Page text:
The request claims that the orchestra entered into a merger agreement with the Pops in 2005 "as part of its effort to fulfill its agreement with Annenberg and the conditions and goals and requirements of the $50 million gift from Annenberg."
The foundation, founded by the late Philadelphia philanthropist Walter H. Annenberg and now headquartered in Los Angeles, is clearly annoyed at being brought into the disagreement.
"The Annenberg Foundation is very disappointed that it, the Philadelphia Orchestra Association's largest benefactor, is being inappropriately pressured in a two-party dispute in which the Annenberg Foundation is not a party, and will be considering all of its options moving forward," David Ulich, a lawyer representing the foundation, wrote in an e-mail.
Options would include the Annenberg Foundation's moving to recall its historic $50 million gift, the orchestra's largest ever, to the endowment. At the time of the donation in 2003, the foundation asserted its right to ask for the money back if the orchestra ever filed for bankruptcy, and it has been watching closely since the orchestra's April 16 Chapter 11 filing.
"I think that the Annenberg Foundation has no role in this at all," association lawyer Lawrence G. McMichael said late Sunday. "If Nero wants to know about our relationship with Annenberg, he can ask us."
The Pops' move is only one threat. The American Federation of Musicians' pension fund has suggested it could sue members of the orchestra board and outside funders to secure the estimated $23 million to $35 million it says it would be owed if the association decided to withdraw from the national musicians' pension fund.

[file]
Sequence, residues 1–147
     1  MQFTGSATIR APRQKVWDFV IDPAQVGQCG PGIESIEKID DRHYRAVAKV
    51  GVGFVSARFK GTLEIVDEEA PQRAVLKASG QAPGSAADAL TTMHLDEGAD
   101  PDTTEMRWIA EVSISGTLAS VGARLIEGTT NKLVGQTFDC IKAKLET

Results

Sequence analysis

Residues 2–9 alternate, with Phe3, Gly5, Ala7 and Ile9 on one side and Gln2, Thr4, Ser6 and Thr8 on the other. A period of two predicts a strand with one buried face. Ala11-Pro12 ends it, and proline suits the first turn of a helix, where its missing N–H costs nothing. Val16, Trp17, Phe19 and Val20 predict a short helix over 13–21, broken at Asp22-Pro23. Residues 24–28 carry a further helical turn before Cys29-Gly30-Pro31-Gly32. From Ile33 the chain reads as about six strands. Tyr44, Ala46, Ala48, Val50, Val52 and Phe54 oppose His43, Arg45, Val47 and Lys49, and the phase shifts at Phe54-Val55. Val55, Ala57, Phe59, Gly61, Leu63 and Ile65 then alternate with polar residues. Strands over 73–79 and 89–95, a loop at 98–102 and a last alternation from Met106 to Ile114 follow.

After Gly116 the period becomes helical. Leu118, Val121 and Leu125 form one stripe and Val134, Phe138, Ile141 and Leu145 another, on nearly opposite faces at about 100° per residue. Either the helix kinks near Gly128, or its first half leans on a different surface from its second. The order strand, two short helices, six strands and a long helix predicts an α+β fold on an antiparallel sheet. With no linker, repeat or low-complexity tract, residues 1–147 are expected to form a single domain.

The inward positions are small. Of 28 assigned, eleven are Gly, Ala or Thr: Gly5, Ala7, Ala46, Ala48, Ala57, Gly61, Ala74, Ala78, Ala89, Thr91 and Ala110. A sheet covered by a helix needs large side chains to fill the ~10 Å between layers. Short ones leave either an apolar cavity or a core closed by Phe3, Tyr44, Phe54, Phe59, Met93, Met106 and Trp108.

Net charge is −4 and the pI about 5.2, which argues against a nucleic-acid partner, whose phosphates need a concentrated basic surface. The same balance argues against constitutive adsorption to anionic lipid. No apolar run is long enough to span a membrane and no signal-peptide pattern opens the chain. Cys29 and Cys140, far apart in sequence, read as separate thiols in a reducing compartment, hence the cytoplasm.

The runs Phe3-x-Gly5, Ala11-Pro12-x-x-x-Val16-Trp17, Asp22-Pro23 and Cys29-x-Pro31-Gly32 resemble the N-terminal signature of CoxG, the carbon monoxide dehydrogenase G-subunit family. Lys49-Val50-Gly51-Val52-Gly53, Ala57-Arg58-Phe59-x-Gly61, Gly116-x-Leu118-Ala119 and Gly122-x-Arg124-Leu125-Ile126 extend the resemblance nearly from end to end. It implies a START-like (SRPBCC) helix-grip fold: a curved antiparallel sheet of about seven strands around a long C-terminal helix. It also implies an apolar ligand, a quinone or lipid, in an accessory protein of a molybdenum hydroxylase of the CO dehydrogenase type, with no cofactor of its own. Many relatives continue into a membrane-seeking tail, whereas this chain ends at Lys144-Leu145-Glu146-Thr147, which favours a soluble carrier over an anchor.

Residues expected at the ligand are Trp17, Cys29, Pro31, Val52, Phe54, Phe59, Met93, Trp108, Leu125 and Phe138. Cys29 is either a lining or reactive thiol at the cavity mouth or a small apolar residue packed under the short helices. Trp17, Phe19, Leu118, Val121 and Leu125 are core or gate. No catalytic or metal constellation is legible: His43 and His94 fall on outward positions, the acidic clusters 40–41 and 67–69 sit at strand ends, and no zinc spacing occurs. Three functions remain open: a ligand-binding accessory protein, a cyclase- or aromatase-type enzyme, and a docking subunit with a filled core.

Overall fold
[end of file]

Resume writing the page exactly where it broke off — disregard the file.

In a significant development last week, the union won approval from Bankruptcy Court Judge Eric L. Frank to obtain information discovered as part of the orchestra's bankruptcy process, and to use it in potential lawsuits in other courts.
"We're not being held back from new litigation," AFM president Ray Hair said last week. "We're not muzzled anymore. The debtor [the association] was trying to control who we could sue and for what, and they lost that fight."
Hair would not say whom the union might sue.
McMichael said: "I can't think of anything more ridiculous. Actions against donors or against board members - there is simply no basis for any of it."
Friday's motion by Nero hangs its case on a paragraph in the donor agreement between Annenberg and the orchestra that says "the orchestra shall broaden its artistic view and exhibit the regional, national and international leadership necessary to encompass a cosmopolitan perspective that embraces growth, innovation and adaptation to both social institutions and the needs of the populace."
Neither Nero nor the Pops is mentioned in the Annenberg-orchestra agreement, according to a copy obtained by The Inquirer. But the examination would probe whether the orchestra, in its periodic reports to the foundation, has cited activities of the Pops as evidence of fulfilling requirements of the gift.
The motion, citing the orchestra's "threat" to "kick Maestro Nero and the Philly Pops to the curb," says Nero and the Pops "seek information from Annenberg necessary to understand and protect their rights."
The motion asks to view communication between Annenberg and the orchestra relating to the $50 million gift and asks the foundation to produce a representative to be deposed.
"The information sought is also relevant to Maestro Nero's and [the Pops'] rights to a portion of the endowment and other assets and income of POA upon any potential undoing of their 2005 merger," the motion states.
Talks to sever the relationship between the two groups began well before the orchestra filed its Chapter 11 petition. The two have been unable to settle on financial terms, with the Pops asking for $1.5 million as part of the severance agreement, and the association offering $1 million, according to one source.
"We're closer than that," McMichael said. "We're both working very hard to achieve a reasonable agreement for a severance that works for both of us."
Contact music critic Peter Dobrin at 215-854-5611 or email@example.com. Read his blog, "ArtsWatch," at www.philly.com/artswatch